Nov 242011
 

First of all, I have to say that I would have expected a conference about tackling disability poverty to have included some claimants who actually experience disability poverty however by charging unwaged people £10 to attend this, in spite of the fact that Disability Alliance got the venue free, claimants were by and large excluded from discussions about how to tackle disability poverty.

There were a number of further access issues for disabled people too no blue badge parking nearby, no accessible tube stations nearby, a start time that was so early people couldn’t use their freedom passes on busses and anyone coming from outside London had to pay peak rate fares.

Several disabled claimants tried to get into the event on the day but were refused entry even though they offered to pay. I was on the list though so was able to get into the conference. Access inside could have been much better too, and there was no dedicated accessible toilets and no space to sit anywhere other than right at the back if you were a wheelchair user.

The vast majority of those present weren’t disabled people but professionals who speak for us. Of those disabled people who were there most expressed grave concerns about the nature and organisation of the new organisation DRUK – Disability Rights UK which will consist of  an amalgamation of NCIL, RADAR and Disability Alliance.

ATOS doctors gave an unconvincing talk about how nice ATOS really are, and then we were treated to a fleeting visit from Maria Miller, the minister for disabled people. There were attempts to stagemanage this part of the programme and Liz Sayce looked decidedly uncomfortable at some of the questions us more ungrateful disabled people asked. Miller spouted the usual Condem rhetoric about how much better off disabled people will be with Universal Credit, with no care and support funding, no ILF and how grateful we should all be for all the extra money the Condems have put into disability related matters.  You can listen to her below if you can bear to.

Click the link here to read John Pring’s article about the conference: http://blacktrianglecampaign.org/2011/11/28/miller-and-atos-face-angry-heckling-at-disability-poverty-conference/   News source: www.disabilitynewsservice.com

transcript of Maria Miller’s speech

These videos have now been put up by Disability Alliance has been edited to exclude some disabled claimants calling her a “murderer” as she left and has cut out my response to her claims that disabled people need not be afraid of change when I said it wasn’t change people were afraid of it was being trapped in their own homes with no care funding, and another person saying people were afraid of being pushed further into poverty.

report by Linda Burnip

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Questions to Maria Miller (Part One – with Linda’s question sorry no transcripts provided)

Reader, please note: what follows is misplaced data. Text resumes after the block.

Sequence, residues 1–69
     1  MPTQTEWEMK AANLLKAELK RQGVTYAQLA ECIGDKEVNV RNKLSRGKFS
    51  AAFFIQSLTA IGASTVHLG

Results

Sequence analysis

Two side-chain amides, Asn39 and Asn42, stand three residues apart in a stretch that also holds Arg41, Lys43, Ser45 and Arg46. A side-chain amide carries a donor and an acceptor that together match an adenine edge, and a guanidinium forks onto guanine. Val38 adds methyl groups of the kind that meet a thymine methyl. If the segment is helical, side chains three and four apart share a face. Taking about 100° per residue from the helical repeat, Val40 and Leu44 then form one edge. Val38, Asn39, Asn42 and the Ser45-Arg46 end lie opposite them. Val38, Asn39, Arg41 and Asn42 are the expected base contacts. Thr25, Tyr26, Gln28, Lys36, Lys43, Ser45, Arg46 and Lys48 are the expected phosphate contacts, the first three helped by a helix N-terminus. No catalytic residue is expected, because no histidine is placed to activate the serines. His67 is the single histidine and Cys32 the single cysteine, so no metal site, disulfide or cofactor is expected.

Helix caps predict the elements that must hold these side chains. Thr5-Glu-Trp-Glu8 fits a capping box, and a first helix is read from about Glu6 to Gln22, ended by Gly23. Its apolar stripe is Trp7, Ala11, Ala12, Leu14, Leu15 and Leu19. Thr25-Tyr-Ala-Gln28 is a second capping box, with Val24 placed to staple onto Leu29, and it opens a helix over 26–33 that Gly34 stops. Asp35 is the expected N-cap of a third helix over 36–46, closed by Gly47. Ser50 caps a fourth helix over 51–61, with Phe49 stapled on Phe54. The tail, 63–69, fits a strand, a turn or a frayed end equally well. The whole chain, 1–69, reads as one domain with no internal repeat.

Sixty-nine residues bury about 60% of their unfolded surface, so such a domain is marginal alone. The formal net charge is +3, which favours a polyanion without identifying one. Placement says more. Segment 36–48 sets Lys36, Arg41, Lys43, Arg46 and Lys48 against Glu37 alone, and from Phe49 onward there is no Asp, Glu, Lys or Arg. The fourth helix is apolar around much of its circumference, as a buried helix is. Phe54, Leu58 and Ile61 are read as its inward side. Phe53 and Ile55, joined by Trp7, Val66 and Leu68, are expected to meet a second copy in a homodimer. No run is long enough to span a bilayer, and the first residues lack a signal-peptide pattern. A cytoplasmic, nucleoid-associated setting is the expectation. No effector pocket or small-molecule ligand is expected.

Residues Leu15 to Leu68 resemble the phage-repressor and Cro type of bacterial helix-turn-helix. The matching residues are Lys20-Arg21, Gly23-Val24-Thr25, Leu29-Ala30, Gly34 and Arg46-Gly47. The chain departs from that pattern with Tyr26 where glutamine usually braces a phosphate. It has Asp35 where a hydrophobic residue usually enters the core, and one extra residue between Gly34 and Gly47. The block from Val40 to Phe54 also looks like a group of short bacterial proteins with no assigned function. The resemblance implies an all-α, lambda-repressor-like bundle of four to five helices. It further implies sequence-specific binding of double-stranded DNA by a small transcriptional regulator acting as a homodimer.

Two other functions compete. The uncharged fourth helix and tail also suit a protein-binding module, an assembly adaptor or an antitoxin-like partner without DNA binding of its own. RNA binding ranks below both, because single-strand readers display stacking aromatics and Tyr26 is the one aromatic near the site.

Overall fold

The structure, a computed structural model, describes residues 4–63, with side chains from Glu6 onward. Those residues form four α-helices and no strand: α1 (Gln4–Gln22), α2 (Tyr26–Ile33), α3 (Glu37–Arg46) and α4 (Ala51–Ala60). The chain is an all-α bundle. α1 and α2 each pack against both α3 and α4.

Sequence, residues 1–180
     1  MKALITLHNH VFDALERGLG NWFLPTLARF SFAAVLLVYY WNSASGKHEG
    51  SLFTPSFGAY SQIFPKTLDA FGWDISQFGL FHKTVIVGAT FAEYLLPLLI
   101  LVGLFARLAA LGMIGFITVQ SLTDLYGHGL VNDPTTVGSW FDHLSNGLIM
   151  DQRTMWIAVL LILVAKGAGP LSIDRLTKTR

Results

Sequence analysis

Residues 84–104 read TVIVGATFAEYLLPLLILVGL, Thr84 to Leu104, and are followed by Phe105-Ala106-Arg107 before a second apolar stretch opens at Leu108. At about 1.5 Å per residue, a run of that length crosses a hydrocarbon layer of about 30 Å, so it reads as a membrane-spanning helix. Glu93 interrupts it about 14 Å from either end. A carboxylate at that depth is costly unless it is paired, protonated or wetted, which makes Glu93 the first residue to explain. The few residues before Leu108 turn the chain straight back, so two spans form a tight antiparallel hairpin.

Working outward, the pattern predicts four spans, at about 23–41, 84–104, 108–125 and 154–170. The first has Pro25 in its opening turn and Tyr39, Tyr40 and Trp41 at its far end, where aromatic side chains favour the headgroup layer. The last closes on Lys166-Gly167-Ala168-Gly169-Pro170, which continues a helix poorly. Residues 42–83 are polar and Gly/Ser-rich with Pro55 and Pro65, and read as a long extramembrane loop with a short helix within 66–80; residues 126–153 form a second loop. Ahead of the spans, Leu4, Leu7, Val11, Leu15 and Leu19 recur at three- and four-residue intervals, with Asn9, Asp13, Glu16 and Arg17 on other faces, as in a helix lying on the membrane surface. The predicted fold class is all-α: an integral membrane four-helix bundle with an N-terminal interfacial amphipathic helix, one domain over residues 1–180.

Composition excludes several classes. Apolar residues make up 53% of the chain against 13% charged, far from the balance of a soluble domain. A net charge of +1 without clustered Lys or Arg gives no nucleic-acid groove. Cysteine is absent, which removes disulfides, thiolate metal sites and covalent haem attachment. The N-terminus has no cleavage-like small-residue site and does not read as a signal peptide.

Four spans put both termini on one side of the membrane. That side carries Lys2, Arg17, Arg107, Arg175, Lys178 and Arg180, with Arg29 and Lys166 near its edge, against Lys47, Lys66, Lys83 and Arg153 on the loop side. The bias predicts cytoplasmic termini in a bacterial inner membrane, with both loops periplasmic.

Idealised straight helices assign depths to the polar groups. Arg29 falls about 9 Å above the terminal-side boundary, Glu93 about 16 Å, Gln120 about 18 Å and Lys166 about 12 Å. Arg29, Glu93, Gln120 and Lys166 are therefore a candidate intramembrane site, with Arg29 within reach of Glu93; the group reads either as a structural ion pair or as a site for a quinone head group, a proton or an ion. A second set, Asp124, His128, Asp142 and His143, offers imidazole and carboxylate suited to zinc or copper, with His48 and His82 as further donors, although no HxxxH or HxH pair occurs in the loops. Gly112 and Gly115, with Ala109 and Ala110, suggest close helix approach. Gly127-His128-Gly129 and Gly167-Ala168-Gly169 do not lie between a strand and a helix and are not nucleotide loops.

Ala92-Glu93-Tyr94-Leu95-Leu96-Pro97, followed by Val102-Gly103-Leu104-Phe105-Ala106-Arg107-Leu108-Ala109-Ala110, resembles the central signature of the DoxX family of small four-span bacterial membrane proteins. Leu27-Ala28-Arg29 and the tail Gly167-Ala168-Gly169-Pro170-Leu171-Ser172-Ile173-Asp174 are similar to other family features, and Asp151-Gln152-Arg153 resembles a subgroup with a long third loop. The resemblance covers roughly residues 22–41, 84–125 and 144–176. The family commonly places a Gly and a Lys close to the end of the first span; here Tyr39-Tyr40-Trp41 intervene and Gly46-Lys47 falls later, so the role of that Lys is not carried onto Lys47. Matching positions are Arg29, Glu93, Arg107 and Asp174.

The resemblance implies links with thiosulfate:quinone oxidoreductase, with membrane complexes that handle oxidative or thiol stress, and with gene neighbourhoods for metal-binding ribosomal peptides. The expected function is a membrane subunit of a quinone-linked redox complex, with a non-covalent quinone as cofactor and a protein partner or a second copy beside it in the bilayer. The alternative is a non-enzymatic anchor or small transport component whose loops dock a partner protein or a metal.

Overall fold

Part 2

Part 3


Link to Report from Disability Alliance

Jul 282011
 

DPAC notes with interest the news reported by John Pring that disabled people’s organisations (DPOs) are to boycott a review, set up by Leonard Cheshire Disability (LCD) and Mencap,  into one of the most controversial parts of the government’s welfare reform bill.

The two big disability charities, announced this week that they were launching a new “independent review” into how the mobility needs of people living in residential care are met and funded.

The bill currently gives the government powers to stop paying the mobility element of the new personal independence payment – which is set to replace disability living allowance – to people in state-funded residential homes.

Given that the review will be led by  “crossbench peer Lord [Colin] Low, former chair of RNIB and now its vice-president and also president of Disability Alliance with other members of the review’s “steering group” include a  disabled resident of a Leonard Cheshire residential home, the governor of a special school, a local government expert, the director of a think-tank, and an expert in care provision”, it is not surprising that DPOs should raise concerns about the independence of the charities’ new review.

The question is posed as to why no user-led organisations were told about it or asked to take part.

Jaspal Dhani, CEO of UKDPC  said he was concerned that the review could be used to promote the need for residential services rather than disabled people’s right to live in the community.

Mark Harrison, chief executive of Norfolk Coalition of Disabled People, said he was “angry” with the decision to set up the review, which he said was “typical behaviour from two disability charities that are for disabled people, not of disabled people”.

He said the two charities had yet again “violated” the disability movement’s principle of “nothing about us without us”.

Sue Bott, director of the National Centre for Independent Living (NCIL), said NCIL would also not be taking part, while she was “struggling to see what this independent review will achieve other than to try and raise the profile of the two organisations involved”.

DPAC would like to point out although we understood the need for disabled people to march with the big charities at the Hardest Hit rally, we had grave reservations about their (big charities’)  motives for organising the event, it looks like we might be confirmed in our suspicions.

Source: http://www.disabilitylib.org.uk/component/content/article/1-latest-news/597-dpos-boycott-charities-independent-review-of-mobility-needs